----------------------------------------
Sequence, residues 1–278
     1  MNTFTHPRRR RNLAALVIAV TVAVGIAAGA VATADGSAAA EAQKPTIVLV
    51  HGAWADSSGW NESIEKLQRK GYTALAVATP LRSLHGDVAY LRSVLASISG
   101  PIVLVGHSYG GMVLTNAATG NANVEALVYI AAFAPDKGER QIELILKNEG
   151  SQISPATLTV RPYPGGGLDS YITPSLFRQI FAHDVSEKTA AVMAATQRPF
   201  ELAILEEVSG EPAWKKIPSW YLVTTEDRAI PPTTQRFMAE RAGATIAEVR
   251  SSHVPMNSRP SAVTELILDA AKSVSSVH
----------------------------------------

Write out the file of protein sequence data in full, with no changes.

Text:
Sequence, residues 1–278
     1  MNTFTHPRRR RNLAALVIAV TVAVGIAAGA VATADGSAAA EAQKPTIVLV
    51  HGAWADSSGW NESIEKLQRK GYTALAVATP LRSLHGDVAY LRSVLASISG
   101  PIVLVGHSYG GMVLTNAATG NANVEALVYI AAFAPDKGER QIELILKNEG
   151  SQISPATLTV RPYPGGGLDS YITPSLFRQI FAHDVSEKTA AVMAATQRPF
   201  ELAILEEVSG EPAWKKIPSW YLVTTEDRAI PPTTQRFMAE RAGATIAEVR
   251  SSHVPMNSRP SAVTELILDA AKSVSSVH